Once we got re-set all was well, although in the process the guy with the air horn actually weighed anchor and moved to the other end of the anchorage. He either never believed that we were not actually dragging (and who would want to anchor next to a dragging boat in a 40kt storm), or else the aggressive maneuvering that it required to avoid hitting his neighbor suggested to him that I can't drive. Oh well, good riddance. The other guy, the one we came closest to, came by the next day to thank us and check on things.

The forecast storm arrived overnight, and our anchor did not move an inch from its new location, even though we actually tightened scope to just 50'. We battened everything down before turning in, and the wind was already howling at 25 or so when I went to bed. In the wee hours, every cell phone in the boat sounded an alarm for a tornado warning -- take cover immediately. Not much you can do on a boat, and we're safest below decks so we just went back to bed. The tornado touched down about four miles from us, in Atlantic Beach, knocking out power. Our anemometer recorded our strongest gust at 43mph.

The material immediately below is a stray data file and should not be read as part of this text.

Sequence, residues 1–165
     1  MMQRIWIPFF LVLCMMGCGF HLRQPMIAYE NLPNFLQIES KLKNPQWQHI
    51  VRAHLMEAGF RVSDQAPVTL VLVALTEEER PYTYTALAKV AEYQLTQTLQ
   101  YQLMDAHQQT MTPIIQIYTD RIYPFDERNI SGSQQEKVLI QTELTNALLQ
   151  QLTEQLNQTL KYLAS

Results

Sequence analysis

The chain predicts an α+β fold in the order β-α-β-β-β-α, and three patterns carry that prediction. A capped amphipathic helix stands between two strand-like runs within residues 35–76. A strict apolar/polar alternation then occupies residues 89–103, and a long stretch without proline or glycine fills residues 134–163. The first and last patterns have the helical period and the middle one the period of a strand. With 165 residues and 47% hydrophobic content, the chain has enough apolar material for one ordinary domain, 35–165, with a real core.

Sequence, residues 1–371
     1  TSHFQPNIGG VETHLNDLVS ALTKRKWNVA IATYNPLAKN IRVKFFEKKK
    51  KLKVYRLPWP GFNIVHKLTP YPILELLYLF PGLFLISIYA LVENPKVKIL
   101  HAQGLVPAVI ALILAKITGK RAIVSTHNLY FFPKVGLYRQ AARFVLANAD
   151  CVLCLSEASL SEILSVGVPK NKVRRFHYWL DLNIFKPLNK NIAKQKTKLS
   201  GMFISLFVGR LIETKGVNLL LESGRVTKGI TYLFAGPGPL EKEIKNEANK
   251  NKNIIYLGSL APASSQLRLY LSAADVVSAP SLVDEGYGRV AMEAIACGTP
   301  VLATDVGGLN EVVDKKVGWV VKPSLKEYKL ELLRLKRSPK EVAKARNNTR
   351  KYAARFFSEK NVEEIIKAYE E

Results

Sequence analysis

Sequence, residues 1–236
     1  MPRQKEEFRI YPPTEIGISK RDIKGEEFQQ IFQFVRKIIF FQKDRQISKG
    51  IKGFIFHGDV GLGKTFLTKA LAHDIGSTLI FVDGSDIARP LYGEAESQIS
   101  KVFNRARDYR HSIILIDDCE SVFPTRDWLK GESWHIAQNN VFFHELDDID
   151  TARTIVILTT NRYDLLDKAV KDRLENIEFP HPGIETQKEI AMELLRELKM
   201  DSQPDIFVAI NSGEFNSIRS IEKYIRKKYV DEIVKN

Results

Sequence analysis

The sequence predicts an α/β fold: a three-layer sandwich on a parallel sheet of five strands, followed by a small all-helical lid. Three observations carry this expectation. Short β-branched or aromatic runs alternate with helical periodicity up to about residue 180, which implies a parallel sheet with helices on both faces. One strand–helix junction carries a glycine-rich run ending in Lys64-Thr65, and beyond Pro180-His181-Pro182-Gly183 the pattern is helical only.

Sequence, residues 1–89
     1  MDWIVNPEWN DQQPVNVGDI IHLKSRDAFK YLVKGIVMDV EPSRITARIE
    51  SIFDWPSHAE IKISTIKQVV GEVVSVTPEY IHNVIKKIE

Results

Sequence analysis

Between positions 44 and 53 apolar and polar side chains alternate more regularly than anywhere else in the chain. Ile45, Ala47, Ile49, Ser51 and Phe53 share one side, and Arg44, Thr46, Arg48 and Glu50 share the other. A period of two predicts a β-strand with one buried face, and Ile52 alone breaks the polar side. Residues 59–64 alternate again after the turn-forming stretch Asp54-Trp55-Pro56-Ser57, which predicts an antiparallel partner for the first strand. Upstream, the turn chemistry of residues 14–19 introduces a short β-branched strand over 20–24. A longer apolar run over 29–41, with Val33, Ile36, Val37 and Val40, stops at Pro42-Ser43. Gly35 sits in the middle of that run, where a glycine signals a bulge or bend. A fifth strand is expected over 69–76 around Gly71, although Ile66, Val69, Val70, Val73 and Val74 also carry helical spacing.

When we first arrived in Beaufort we were not sure when we would be leaving. We prefer to travel out in the ocean from here, but if a decent weather window was not forthcoming within the week, we agreed to make progress down the ICW. By Tuesday the forecast was showing a good possibility of an outside window by the weekend, and we opted to stay in town and wait for it. That let us make dinner plans with Caroline and Michel, who were also waiting for an outside window, for Wednesday, and massage appointments for Thursday afternoon.